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The Power is the 2021 horror film set in 1974 Britain as the country prepares for electrical blackouts — we meet Val, the new trainee nurse on her first day at the crumbling East London Royal Infirmary. Most of the patients and staff evacuated to another hospital, so Val works the night shift in the empty building. Within the darkness lurks a terrifying presence that threatens to consume everyone inside.

We recently had the opportunity to interview writer/director Corinna Faith on “The Power” — which is available on VOD, Digital HD, and DVD on September 21, 2021.

Watch The Power via Amazon or Apple TV
Get it on Apple TV

The word ‘power’ takes on a special meaning at the end — that there's ultimate strength in our voice. What was the inspiration for The Power?

I wanted to write about institutions and the toxic ways in which they can allow people to behave. I chose a period setting, but this is very much a story about the present, the need for women to find their voice, and the ways in which this is prevented. The Power — if the title is the power, [then] ‘Val’ our lead character, and those around her, lose, search for and, in some cases, find [it].

How did you go about the casting process?

I cast the film with a fantastic casting agent called Kahleen Crawford. She was very sensitive to the rooted, naturalistic qualities I love in performance and we tried to find actors who bring a certain ‘real world’ rooted quality to the roles. Despite the very heightened story world. Casting Val was obviously the main challenge as it's such a huge part of the film. I saw a little clip of Rose on a tape and was instantly pulled into her empathetic approach. She has something special. Casting ‘Saba’ was fun because Kahleen had to look outside the usual channels for this young girl. Shakira Ramen, who plays Saba, had not really acted before. She was a total star, and I think she is fantastic in the role.

Can you tell us about working on the score with Composers Elizabeth Bernholz and Max de Wardener?

I wanted to work with both Max and Elizabeth, having heard their work in different places. Max has a very tasteful, subtle sound and Elizabeth has a fantastic raw energy. They both have a deep knowledge of the horror genre and are inspired by it in their own work. We did look to 70’s references for the starting points to the score. But the end result is very much their own crazy journey. With Elizabeth's voice playing a central role and often standing in for the ghost herself, when we cannot always see her, but feel a presence.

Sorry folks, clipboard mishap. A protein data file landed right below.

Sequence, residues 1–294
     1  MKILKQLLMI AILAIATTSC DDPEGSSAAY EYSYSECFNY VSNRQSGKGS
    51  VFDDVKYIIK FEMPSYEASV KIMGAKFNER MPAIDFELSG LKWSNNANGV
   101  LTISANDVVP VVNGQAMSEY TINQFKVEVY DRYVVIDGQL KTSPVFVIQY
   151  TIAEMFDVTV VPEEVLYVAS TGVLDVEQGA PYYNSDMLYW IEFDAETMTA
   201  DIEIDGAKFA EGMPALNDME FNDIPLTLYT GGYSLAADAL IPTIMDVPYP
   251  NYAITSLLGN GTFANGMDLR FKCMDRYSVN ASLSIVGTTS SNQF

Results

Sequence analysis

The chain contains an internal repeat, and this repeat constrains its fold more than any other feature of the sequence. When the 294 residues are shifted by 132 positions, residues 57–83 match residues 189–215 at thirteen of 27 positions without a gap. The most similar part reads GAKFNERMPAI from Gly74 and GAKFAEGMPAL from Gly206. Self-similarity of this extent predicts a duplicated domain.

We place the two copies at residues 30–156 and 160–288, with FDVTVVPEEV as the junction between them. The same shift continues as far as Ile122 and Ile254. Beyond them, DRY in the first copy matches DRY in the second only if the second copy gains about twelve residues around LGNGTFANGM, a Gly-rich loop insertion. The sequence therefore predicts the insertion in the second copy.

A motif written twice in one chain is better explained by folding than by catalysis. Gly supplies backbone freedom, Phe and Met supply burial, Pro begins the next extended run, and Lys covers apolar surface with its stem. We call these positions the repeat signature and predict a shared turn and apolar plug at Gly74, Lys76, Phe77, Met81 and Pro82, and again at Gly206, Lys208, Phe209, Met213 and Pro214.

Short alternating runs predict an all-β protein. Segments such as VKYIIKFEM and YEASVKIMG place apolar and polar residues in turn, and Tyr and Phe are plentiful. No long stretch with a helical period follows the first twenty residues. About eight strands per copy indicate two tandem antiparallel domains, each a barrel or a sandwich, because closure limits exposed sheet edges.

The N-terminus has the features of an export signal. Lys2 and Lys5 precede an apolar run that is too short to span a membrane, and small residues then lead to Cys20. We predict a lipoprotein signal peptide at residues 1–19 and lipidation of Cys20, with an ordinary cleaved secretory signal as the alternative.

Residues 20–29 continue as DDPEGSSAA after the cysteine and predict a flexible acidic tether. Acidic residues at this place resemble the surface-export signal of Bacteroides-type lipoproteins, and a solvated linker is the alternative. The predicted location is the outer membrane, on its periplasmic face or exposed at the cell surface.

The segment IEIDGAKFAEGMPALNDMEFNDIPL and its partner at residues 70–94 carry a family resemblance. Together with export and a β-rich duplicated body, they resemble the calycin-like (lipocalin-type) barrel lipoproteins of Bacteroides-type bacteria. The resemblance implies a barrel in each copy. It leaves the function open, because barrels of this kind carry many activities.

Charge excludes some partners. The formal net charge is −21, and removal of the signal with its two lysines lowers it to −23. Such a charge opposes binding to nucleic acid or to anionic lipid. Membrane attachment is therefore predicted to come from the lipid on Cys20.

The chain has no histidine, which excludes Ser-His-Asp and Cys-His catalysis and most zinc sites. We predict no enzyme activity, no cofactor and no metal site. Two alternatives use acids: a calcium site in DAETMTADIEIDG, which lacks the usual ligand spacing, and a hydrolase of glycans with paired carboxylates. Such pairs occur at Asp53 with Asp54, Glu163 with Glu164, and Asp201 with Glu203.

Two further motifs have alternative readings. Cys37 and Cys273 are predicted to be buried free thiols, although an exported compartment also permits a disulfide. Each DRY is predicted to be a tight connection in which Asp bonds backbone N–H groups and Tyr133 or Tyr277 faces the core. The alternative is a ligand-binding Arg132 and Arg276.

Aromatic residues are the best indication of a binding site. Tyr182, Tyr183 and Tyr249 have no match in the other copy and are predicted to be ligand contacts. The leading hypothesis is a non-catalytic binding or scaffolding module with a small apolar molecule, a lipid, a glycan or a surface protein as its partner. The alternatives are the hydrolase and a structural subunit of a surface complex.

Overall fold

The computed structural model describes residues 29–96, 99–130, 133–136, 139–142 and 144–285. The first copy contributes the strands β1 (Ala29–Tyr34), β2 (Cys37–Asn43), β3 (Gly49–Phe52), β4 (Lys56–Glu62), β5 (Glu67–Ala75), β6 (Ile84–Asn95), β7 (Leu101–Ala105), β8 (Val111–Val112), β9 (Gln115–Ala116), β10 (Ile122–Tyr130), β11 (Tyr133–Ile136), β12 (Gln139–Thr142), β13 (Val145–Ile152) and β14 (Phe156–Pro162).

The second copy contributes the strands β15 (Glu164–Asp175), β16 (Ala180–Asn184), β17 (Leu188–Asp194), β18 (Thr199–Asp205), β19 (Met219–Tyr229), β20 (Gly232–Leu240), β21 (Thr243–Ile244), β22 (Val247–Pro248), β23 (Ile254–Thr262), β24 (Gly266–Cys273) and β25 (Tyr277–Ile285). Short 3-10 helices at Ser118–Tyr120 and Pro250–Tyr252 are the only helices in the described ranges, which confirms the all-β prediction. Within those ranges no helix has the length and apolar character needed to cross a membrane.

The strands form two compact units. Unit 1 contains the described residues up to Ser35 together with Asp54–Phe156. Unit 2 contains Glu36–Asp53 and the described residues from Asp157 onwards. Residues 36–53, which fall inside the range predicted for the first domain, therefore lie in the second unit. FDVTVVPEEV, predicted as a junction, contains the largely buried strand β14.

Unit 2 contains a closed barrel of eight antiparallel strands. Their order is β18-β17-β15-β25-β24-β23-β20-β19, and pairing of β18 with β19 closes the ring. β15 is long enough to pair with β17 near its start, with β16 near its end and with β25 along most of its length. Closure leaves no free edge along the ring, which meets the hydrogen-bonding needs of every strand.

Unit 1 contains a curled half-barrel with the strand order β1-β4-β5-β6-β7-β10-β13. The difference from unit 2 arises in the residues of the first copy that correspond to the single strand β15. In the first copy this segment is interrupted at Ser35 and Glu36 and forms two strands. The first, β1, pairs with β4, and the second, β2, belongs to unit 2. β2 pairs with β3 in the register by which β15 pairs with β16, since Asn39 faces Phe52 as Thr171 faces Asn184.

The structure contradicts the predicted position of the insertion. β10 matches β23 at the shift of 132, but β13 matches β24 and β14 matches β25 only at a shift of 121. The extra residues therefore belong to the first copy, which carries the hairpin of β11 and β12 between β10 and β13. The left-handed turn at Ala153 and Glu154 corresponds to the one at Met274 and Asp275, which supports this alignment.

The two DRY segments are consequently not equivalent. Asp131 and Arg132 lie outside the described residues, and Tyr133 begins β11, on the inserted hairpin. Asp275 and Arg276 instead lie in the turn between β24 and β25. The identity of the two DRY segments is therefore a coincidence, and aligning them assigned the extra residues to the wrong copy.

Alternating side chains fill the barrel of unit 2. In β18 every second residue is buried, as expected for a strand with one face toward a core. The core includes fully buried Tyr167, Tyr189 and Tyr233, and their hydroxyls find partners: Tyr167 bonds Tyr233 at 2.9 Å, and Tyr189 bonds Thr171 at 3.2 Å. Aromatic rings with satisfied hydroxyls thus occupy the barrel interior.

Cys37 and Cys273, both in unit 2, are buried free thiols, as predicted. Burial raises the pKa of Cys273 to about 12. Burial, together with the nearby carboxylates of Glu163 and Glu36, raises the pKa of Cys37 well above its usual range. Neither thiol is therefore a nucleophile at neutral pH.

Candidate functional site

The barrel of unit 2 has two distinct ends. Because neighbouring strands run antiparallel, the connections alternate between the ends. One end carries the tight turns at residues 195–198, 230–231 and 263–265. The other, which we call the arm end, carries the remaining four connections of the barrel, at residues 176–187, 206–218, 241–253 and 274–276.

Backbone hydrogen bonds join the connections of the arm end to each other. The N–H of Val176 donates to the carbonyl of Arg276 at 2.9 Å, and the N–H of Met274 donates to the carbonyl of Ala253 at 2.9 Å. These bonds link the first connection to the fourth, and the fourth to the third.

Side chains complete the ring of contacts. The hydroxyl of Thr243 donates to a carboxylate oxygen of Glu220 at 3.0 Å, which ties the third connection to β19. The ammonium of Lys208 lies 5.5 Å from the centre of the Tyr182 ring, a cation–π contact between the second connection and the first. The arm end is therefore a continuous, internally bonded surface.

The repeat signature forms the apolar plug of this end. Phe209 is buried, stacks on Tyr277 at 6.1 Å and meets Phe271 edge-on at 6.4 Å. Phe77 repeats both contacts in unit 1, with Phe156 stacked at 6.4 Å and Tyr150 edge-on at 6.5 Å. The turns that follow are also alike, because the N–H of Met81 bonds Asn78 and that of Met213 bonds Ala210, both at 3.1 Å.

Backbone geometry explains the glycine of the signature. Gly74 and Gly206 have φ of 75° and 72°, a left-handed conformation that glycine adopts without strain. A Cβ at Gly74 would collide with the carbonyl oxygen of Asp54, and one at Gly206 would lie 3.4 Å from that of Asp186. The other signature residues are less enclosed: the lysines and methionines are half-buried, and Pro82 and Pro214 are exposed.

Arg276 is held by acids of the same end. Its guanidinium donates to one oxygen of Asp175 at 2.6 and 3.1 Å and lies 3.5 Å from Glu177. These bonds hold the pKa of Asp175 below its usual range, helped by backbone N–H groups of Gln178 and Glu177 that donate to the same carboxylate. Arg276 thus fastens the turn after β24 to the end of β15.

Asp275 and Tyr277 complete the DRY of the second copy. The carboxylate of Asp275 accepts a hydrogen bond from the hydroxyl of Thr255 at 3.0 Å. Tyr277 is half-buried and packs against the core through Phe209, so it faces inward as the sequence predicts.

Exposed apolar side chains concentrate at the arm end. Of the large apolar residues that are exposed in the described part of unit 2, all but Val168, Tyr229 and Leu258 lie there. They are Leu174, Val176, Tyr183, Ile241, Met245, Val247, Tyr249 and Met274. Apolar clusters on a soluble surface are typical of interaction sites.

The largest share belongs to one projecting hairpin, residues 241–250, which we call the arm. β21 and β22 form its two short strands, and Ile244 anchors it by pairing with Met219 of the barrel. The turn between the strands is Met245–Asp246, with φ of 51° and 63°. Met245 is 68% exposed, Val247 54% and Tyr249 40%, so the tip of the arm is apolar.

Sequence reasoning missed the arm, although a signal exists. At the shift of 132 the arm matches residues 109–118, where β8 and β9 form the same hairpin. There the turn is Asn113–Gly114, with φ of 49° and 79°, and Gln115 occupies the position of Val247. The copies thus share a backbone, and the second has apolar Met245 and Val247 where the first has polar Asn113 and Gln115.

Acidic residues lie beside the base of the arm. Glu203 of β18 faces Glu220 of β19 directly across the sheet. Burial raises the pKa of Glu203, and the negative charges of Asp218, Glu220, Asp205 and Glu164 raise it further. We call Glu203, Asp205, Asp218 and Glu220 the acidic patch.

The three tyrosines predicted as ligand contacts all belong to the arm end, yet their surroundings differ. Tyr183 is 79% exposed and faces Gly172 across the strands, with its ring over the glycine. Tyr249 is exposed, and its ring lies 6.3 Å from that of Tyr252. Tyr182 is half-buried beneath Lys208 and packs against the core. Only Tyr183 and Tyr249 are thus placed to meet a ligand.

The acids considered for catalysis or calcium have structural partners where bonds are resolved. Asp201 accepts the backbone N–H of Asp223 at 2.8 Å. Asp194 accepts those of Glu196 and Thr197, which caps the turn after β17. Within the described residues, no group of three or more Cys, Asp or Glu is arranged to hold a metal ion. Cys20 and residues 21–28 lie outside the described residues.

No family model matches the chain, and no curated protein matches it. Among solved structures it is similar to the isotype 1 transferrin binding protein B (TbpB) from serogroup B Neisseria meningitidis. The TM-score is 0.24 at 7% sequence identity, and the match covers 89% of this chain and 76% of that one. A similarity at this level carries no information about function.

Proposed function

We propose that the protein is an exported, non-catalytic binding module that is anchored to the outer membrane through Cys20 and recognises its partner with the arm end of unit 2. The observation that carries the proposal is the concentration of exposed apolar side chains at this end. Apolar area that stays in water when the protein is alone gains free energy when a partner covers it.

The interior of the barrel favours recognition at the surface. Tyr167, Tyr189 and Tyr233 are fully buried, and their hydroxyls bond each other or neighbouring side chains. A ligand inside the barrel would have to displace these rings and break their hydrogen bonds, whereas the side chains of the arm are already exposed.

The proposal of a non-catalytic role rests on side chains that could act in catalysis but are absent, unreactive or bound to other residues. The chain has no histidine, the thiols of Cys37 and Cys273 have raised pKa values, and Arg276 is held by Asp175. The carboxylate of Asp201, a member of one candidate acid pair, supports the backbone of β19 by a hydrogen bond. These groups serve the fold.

Because the film minimally uses light due to the plot, how’d you handle the challenges of shooting? What was it like working with Cinematographer Laura Bellingham?

Laura was a dream collaborator really. We watched a load of films together and talked a lot about what we loved and what we didn’t. So, by the time we got to set and were facing those times pressures, we had a shared language. We approached the challenge of all the dark in the movie by coming up with a big range of what darkness can look and feel like on screen. It ranges from quiet moonlit in which some things remain visible to an intense and deep black. Both bring their own tensions for a viewer.

Where did you film the movie, and how long was the production?

The shoot was six weeks long. And we had two days of pick-up filming some months later. We shot at Goodmayes Hospital in East London, which is a decommissioned hospital used by the NHS until recently. But originally the building was a Victorian psychiatric asylum. The building is only one storey high though, there are no stairs. So, we shot those at Blythe House in central London, to create the illusion of a bigger building.

What are your favorite scenes — from on set and in the final cut?

One of my favorite scenes is when Val watches two of the characters dancing, breaking rules, and having their own version of fun on the night shift. But the scene takes a very uncomfortable turn. And Val finds herself an unwitting voyeur, pulled into feeling complicit in a moment of abusive behavior. There is something horrific about this scene in a recognizable way, without the supernatural. And I think Rose performs it very well. The other of my favorite scenes is probably the possession scene. Anyone who has seen the film will know which one that is. Rose worked her heart out for that scene and was so brave in her performance. I think she created something memorable.

What is something you learned from this production that you’ll bring to the next?

Thinking about pacing in the last third. In the edit was found a lag in the story, rather than a build-in climax. We fixed it with the pick-up filming, but I’ll be looking at that next time I write.

Which films and directors have influenced you as a filmmaker, including The Power?

The Innocents, Tale of Two Sisters, Images, Three Women.

What are some of your favorite movies from the past decade?

Moonlight
Get Out
La Llorona
It Follows
Arrival
Judas and the Black Messiah

Which themes and subject matters interest you as a filmmaker?

Female characterization is critical to me. The often reductive nature of it, and all the ways that is sometimes being turned on its head. And shining a light on uncomfortable realities, whatever they may be.

Watch The Power via Amazon or Apple TV

Get it on Apple TV

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